Since the late 1970s, the Iowa Labor History Oral Project has been collecting interviews from the working class across Iowa. They are collecting history from the ground up, as opposed to leaders or people with power.

Matthew Henry / Unsplash

Guest host Charity Nebbe speaks with several mental health experts about how to navigate mental health in times of crisis. They offer tips and share information about mental health resources that are available in Iowa.

Iowa PBS

Dean Borg passed away this week at the age of 81. Borg was a broadcasting legend in the state of Iowa. He is best known for his work on the Iowa PBS program Iowa Press, a position he held for more than 40 years. During that period he interviewed every president from John F. Kennedy to Barack Obama. Borg also spent 20 years as a correspondent with Iowa Public Radio.

NRD / Unsplash

While much of our economy has ground to a halt, grocery store operations are ramping up amid the coronavirus pandemic. There is not a food shortage. Rather, grocers and markets are trying to meet increased demand and have had difficulties stocking shelves in a timely manner as supply chains have slowed. Additionally, stores have adjusted hours and are taking precautions to create a safe environment for shoppers and workers.

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It’s too early to get planting in the garden, but it’s the perfect time to think about giving your shrubs and trees a trim. On this 'Horticulture Day' edition of Talk of Iowa, guest host Katelyn Harrop speaks with Richard Jauron of Iowa State University and Aaron Steil of Reiman Gardens about the best practices to prune and trim shrubs and trees.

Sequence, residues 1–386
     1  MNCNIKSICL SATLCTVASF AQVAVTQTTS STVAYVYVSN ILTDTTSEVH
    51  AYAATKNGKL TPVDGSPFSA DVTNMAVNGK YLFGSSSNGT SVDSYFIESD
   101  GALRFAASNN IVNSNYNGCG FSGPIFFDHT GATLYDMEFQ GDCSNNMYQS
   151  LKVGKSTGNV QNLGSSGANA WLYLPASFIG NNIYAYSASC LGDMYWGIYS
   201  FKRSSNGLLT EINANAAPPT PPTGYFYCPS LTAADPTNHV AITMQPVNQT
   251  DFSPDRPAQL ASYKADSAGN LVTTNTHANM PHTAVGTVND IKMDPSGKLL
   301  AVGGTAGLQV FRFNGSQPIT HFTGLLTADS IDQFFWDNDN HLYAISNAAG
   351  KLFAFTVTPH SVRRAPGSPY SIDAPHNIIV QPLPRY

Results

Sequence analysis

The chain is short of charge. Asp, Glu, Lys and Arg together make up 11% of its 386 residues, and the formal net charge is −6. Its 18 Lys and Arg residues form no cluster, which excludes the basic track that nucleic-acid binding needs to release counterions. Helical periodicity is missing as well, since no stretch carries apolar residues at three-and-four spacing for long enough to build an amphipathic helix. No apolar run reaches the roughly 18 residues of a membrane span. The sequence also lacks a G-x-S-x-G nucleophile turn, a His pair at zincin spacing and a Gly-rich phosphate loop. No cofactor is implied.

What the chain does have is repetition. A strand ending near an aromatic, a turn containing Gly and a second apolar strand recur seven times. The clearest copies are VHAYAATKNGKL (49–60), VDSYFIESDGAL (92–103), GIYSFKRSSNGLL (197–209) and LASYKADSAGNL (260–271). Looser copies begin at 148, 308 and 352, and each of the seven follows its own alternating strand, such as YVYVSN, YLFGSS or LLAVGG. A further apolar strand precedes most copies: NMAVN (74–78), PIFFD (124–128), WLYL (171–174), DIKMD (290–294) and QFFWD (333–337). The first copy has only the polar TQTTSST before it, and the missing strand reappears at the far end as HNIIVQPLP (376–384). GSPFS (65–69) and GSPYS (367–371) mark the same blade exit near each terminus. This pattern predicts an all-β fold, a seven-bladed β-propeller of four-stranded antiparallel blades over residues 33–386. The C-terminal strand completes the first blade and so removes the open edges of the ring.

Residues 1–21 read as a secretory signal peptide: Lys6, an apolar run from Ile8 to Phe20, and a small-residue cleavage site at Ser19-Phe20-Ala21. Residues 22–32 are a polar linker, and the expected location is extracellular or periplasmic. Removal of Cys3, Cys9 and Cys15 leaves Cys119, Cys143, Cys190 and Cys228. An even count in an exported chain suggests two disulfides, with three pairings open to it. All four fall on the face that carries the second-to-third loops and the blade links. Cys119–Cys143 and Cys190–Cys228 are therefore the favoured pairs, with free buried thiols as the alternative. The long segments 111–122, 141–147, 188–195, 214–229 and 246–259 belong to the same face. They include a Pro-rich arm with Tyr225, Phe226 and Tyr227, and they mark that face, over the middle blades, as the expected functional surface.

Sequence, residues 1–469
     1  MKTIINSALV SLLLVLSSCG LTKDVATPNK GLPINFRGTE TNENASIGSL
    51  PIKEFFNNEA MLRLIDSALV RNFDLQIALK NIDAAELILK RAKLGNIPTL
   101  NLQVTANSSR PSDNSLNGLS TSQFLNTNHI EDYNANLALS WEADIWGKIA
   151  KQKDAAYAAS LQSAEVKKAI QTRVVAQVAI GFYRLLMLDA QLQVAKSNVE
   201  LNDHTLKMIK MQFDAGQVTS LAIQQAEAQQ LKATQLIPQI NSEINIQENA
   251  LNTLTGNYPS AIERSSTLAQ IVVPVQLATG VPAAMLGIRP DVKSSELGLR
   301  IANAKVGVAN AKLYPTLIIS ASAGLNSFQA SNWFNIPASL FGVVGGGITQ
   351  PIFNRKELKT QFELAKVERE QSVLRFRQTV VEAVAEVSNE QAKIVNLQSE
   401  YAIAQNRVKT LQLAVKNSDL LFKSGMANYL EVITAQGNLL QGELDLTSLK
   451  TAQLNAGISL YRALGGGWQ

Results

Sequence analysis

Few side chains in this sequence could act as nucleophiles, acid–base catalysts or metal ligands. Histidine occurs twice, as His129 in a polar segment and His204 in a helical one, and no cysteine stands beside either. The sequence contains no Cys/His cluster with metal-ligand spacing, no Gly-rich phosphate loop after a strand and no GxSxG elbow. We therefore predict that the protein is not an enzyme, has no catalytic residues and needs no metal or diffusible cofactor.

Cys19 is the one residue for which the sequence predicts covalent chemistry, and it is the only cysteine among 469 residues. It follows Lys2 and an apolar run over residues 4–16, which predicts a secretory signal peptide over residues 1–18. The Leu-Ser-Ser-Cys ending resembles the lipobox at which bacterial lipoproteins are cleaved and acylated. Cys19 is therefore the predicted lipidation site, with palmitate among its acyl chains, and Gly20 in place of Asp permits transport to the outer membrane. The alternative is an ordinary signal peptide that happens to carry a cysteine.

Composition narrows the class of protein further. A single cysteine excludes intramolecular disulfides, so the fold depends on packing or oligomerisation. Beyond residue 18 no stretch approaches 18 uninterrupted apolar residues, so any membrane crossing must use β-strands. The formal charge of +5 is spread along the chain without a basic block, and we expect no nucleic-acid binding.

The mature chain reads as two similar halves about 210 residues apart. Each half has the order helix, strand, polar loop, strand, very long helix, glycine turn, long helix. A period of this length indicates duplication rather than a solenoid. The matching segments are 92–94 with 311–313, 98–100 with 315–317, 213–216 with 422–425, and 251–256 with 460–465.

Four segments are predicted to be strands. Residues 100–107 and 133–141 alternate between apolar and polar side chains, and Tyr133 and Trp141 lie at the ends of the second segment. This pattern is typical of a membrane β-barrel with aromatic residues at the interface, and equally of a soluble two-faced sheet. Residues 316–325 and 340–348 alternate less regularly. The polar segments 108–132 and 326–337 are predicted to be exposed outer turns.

Edi Libedinsky / Unsplash

Large parts of our economy have nearly ground to a halt. On this episode of River to River, Ben Kieffer speaks with several Iowans, from a variety of industries, about how the coronavirus pandemic has affected their jobs, businesses and lives.

John Pemble / IPR

Iowa's legislative session will be suspended for at least 30 days as a means to help limit the spread of COVID-19, the disease caused by the novel coronavirus. Katarina Sostaric, IPR's statehouse reporter, speaks with River to River host Ben Kieffer on the latest news from the capitol. 

Mikhail Vasilyev / Unsplash

On this 'Horticulture Day' edition of Talk of Iowa, Charity Nebbe speaks with Donald Lewis and Richard Jauron of Iowa State University extension and Mark Vitosh of the Iowa DNR to answer listener questions about the bugs, plants, trees and prairies in their lives.

Matt Alvarez / IPR

Dr. Francois Abboud describes his coming to the United States as serendipitous.

In 1955, as a young up and coming doctor in Egypt, he had little knowledge of the United States' medical offerings. But after a family friend filled out an application for a fellowship at the University of Milwaukee, without his knowledge, he received an acceptance letter. He soon got married and within a few short months was on his way to America. This was the beginning of a medical career that has spanned more than six decades in the midwest

Courtesy of Rachel Cox

Rachel Cox’s grandmother was a woman with a big personality and a keen sense of fashion. When Cox, a photographer and assistant professor of photography at the University of Iowa, first started taking pictures of her grandmother, she didn’t have any particular projects in mind. But as her grandmother declined over the course of a decade, suffering from a degenerative brain disease, she felt compelled to photograph her life and death. The result is the book Shiny Ghost.

Micaela Parente / Unsplash

Homo erectus evolved around 2 million years ago, and was the first known human species to walk fully upright.

After Homo erectus dispersed from Africa, the species colonized the ancient world.  Then, about 400,000 years ago, Homo erectus essentially vanished, with the lone exception of an Indonesian island.